Qatar’s Sheikh Jassim bin Hamad al-Thani has made a final attempt to win the battle for Manchester United, making another offer and threatening to walk away from the protracted bidding war this week, according to people familiar with the matter.
Jassim and his Doha-based Nine Two Foundation have submitted an improved offer for the Premier League club, one of the people said, in a last-ditch attempt to beat British billionaire Sir Jim Ratcliffe to one of the most prized assets in sport.
The bid will be Jassim’s last and he “will no longer engage with the process” after this Friday, the person added. The son of a former Qatari prime minister, Jassim is trying to buy 100 per cent of the New York-listed club, whereas Ratcliffe is only seeking majority control.
More than five months since the Glazer family said they would consider selling Manchester United, they have yet to confirm their plans for the club despite receiving multiple bids from Jassim and Ratcliffe.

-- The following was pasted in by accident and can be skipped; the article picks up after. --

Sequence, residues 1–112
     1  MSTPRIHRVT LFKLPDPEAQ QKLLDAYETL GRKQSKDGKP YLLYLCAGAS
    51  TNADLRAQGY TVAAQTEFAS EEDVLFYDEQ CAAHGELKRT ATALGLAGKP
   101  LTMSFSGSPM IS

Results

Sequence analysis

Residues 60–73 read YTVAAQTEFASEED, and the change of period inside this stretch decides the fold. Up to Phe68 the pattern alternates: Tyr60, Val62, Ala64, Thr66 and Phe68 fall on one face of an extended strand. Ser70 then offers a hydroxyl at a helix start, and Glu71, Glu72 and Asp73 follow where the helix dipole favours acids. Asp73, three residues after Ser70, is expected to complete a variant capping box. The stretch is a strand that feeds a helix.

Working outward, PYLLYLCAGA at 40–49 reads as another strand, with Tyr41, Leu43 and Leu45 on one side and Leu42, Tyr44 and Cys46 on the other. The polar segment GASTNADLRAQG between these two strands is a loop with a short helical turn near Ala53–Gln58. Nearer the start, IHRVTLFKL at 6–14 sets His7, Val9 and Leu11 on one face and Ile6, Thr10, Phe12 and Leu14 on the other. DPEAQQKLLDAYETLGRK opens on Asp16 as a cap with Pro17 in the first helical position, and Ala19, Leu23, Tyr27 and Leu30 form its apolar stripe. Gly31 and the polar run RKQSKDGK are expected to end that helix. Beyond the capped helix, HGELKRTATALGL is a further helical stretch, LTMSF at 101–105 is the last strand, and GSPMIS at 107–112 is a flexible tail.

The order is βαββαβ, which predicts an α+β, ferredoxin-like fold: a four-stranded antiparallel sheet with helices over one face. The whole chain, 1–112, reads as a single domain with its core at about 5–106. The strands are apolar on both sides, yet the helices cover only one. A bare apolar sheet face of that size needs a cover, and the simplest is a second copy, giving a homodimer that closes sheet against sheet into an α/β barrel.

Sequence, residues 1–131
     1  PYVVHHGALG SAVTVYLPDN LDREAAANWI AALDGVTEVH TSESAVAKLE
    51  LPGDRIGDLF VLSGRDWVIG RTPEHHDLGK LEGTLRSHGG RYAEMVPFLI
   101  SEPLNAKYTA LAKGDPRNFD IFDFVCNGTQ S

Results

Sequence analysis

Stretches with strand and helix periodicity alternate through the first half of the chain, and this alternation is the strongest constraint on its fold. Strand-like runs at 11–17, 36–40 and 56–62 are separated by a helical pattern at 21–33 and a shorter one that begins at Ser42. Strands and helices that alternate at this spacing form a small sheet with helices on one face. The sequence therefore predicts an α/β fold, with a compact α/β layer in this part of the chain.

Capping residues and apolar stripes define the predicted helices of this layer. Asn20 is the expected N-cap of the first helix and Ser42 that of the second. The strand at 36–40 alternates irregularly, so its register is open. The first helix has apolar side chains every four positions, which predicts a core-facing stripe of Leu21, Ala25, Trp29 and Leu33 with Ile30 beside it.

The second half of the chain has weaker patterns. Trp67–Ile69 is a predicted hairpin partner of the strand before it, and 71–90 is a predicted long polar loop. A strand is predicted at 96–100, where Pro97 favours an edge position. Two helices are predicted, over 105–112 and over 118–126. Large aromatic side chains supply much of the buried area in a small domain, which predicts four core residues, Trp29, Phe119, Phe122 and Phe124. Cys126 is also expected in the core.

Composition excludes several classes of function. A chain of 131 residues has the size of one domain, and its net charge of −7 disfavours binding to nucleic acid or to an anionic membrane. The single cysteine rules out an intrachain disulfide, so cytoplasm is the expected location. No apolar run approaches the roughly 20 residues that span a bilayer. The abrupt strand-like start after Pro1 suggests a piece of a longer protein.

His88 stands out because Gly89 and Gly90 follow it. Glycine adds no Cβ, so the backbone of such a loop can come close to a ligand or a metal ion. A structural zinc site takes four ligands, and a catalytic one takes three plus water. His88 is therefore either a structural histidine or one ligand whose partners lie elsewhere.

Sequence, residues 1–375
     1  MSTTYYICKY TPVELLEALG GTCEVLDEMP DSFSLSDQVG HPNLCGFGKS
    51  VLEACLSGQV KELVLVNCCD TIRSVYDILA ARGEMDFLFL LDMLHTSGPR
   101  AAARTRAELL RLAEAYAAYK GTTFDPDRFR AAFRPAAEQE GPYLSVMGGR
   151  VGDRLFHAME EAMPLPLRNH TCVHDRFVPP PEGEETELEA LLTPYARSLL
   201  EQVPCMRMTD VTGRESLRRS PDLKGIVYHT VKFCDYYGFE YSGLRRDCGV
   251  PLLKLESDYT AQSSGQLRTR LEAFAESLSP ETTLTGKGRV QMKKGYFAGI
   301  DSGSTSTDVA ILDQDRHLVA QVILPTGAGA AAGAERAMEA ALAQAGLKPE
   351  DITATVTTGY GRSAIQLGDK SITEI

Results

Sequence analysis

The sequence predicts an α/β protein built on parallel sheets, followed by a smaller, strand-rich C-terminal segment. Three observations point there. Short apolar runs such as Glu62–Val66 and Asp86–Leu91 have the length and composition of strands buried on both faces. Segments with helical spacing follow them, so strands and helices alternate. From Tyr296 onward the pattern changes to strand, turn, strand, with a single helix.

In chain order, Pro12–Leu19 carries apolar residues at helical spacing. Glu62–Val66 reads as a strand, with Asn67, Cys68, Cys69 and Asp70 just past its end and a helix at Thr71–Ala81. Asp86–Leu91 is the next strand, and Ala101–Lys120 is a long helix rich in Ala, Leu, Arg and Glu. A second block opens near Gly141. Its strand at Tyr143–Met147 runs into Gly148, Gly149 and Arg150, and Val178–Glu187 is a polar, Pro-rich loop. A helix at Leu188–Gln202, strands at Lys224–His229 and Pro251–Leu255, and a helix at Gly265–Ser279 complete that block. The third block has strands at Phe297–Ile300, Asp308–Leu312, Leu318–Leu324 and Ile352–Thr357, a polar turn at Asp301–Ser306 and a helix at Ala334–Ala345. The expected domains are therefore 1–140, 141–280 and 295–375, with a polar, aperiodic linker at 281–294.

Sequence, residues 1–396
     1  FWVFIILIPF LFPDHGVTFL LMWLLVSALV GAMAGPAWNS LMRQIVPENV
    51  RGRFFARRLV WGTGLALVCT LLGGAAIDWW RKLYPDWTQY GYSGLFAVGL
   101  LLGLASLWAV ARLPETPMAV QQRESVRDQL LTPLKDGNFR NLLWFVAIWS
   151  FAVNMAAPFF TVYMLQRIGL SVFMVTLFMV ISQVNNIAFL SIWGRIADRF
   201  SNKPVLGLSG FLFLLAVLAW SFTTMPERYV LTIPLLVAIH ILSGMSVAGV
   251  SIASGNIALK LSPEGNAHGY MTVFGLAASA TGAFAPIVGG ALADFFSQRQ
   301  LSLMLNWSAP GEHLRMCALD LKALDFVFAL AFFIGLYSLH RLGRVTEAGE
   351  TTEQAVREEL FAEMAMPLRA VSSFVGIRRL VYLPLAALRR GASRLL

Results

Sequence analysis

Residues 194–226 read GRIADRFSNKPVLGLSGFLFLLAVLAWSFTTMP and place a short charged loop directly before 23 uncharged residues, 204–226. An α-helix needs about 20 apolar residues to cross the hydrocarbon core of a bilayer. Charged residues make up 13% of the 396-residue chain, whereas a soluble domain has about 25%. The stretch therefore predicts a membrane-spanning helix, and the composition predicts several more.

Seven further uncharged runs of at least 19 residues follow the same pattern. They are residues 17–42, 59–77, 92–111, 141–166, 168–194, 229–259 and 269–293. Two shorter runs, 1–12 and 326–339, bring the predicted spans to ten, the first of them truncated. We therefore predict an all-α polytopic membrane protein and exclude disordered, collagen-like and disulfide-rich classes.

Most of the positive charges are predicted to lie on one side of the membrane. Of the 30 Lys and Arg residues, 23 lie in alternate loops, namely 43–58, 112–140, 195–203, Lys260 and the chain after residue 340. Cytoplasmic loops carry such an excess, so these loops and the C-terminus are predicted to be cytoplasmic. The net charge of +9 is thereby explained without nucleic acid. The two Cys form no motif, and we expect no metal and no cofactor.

The latest bid from Jassim was at an “enormous premium” to United’s share price, the person said, declining to give a price. United shares closed at $18.41 on Tuesday in New York, valuing the club’s equity at about $3bn.
Jassim, who has kept a low profile throughout the bidding process, made a third-round bid that valued the club at roughly £5bn, the FT has previously reported.
The FT revealed last week that the six Glazer siblings who control the club are considering a sale of their shares in proportion to their holdings, paving the way for Ratcliffe to take control. The billionaire could then acquire their remaining shares in the coming years under a phased buyout.
Jassim’s threat to walk away from the process by the end of the week comes as pressure is building on the Glazers to make a decision. United’s future remains uncertain with the opening of the transfer window for signing new players just a week away.
Manchester United finished third in the Premier League this season, securing qualification for the Uefa Champions League after a year out of Europe’s lucrative club tournament.
United’s supporters have long protested against the Glazers, who acquired the club in a £790mn leveraged buyout in 2005, for loading it with debt and extracting dividends.
During their ownership, rival clubs such as Tottenham Hotspur have built new grounds that are more modern than United’s Old Trafford stadium.
Ratcliffe’s attempt to pull off a deal has been complicated by United’s dual class share structure, which would require the billionaire to secure the B shares currently held by the Glazers and that come with extra voting rights.